The Army’s chief of staff said Thursday with “two or three more years of good, solid budgets,” along with keeping end strength flat and reducing the number of “exotic-type” exercises, the service believes it will be able to deliver results from across its modernization agenda.

“We don’t have the budget yet. But a lot of people are saying you shouldn’t anticipate having a much larger budget than you have, so what we’re doing is prioritizing what needs to get done,” Gen. James McConville said during a Brookings Institute discussion. “We’ve got some really good programs going. We probably need about two or three more years of good, solid budgets. And I think that’s something that we have to do.”

Chief of Staff of the Army, Gen. James C. McConville, attends the Association of the United States Army’s 2019 Annual Meeting in Washington, D.C., Oct. 15, 2019. (U.S. Army photo by Sgt. Dana Clarke)

The Army is expected to detail its latest round of “night court” cuts when the FY ‘22 budget request is released, as it looks to shift billions more from lower priority programs over to its modernization efforts.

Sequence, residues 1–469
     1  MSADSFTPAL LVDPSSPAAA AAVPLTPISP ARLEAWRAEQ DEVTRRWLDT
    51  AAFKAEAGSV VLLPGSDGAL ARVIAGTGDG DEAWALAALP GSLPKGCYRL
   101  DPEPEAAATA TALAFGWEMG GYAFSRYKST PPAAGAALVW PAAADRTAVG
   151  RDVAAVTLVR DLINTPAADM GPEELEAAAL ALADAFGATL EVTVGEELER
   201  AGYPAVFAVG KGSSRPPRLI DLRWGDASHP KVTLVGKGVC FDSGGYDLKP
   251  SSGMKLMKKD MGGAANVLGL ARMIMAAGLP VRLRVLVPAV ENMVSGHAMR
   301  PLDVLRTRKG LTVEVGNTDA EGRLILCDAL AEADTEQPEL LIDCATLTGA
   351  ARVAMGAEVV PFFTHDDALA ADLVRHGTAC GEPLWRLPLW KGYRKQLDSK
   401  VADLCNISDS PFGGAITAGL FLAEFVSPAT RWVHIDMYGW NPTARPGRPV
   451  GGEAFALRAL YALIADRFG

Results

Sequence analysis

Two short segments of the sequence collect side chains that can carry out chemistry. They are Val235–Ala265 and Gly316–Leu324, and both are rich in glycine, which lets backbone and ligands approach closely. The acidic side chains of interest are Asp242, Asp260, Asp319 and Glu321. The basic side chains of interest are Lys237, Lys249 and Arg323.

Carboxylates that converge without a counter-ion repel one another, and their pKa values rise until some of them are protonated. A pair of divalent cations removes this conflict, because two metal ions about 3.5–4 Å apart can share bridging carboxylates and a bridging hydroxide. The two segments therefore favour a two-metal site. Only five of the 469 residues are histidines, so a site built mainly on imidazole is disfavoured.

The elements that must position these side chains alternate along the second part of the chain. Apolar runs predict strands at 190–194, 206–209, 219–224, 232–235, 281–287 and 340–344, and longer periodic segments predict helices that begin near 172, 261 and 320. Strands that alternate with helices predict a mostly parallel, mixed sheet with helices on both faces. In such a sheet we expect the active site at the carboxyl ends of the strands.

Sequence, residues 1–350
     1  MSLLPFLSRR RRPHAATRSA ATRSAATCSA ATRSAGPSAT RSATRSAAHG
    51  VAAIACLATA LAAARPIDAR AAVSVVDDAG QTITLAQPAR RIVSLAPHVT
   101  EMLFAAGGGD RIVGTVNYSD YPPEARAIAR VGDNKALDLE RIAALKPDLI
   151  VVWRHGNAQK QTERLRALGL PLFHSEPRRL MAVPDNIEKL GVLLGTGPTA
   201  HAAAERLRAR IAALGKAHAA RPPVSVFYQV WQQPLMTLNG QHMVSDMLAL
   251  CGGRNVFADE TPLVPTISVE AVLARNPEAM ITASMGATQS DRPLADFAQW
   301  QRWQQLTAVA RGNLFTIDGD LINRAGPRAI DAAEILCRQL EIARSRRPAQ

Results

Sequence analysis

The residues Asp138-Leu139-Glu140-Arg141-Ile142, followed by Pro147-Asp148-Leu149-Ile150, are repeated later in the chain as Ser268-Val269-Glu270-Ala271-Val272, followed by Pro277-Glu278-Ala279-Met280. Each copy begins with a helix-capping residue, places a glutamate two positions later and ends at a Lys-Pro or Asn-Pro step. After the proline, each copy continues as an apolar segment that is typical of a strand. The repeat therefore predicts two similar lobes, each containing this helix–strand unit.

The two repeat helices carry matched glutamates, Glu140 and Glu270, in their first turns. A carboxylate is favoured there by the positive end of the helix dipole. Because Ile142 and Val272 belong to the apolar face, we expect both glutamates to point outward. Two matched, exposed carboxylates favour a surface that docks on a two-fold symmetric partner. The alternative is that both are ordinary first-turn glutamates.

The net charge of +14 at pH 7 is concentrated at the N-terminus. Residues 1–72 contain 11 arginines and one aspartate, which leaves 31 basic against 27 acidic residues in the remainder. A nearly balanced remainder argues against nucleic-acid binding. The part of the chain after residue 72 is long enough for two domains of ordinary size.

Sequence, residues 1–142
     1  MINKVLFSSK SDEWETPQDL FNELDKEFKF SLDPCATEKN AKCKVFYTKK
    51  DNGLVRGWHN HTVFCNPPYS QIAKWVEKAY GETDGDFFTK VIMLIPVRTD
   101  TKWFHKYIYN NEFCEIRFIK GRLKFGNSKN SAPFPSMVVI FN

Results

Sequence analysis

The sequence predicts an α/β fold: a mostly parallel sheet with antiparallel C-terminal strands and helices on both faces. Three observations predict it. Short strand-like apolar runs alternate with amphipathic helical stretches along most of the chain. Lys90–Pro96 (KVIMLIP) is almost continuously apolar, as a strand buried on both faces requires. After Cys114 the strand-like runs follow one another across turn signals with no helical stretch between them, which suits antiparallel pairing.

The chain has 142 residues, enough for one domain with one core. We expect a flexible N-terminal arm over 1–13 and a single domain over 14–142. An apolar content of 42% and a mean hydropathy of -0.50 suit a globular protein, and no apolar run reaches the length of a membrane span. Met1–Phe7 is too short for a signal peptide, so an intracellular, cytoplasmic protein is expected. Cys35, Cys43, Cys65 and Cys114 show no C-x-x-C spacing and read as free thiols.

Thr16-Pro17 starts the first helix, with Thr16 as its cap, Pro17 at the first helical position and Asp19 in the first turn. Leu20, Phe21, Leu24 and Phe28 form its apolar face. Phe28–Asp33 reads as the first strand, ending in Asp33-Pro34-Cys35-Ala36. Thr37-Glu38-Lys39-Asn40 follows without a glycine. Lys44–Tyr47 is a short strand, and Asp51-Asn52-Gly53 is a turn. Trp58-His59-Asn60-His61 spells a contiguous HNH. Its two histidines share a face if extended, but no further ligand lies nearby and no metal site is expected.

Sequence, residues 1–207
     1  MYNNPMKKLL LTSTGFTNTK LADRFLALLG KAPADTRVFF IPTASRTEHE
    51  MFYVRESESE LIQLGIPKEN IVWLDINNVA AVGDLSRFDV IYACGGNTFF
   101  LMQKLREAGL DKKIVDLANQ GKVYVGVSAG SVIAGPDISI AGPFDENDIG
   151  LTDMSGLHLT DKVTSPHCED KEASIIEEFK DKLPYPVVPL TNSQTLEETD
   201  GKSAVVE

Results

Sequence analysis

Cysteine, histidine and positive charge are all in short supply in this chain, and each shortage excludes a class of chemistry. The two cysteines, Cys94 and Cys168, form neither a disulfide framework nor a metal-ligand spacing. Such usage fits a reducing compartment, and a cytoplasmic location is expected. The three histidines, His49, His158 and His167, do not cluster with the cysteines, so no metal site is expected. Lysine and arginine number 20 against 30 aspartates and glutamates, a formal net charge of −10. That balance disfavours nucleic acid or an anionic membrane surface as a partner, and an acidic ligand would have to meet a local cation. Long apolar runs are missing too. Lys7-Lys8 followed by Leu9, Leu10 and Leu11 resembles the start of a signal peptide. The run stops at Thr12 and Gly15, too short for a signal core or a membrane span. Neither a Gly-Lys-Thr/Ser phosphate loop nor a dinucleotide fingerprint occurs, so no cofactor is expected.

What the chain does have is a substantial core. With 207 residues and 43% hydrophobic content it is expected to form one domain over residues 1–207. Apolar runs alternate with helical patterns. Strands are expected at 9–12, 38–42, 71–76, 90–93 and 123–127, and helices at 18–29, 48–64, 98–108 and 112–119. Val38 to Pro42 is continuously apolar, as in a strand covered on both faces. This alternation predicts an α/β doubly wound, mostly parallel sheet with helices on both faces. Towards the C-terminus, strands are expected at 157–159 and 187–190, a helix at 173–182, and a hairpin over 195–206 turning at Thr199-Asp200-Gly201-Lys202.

“We’re also taking a look at our legacy systems. You know, some systems we’re just not going to be able to continue to buy because we want to modernize the Army. Those are tough decisions and we’re aware of that, but we’re going to have to make those decisions in the future,” McConville said.

McConville reiterated that Army senior leadership remains committed to modernization and fully funding its more 30 signature systems, to include choosing to no longer grow end strength in the face of likely flat budgets in the coming years.

“I would have a bigger Army if I thought we could afford it. I think we need it, I really do,” McConville said. “I’ve already probably had to give up the growth we were going to have planned in the Army because if we do go flatline [in the budget]. That is kind of on the table right now. We’re probably not going to grow the Army more, even though I’d like to.”

There are currently around 485,000 troops in the regular Army, while McConville said he would want to grow that number to around 540,000 if the budget environment allowed. 

On readiness, McConville said the Army can find additional savings if it relies on fewer “exotic-type exercises” and makes more economical training recommendations.

“You might be able to get the same type of training at the [Combat Training Centers]. You may not rotate the forces as much overseas. You might look at using our prepositioned stocks more forward rather than actually bring the whole system over there. So there are some things we can do to make our training more efficient and more effective,” McConville said.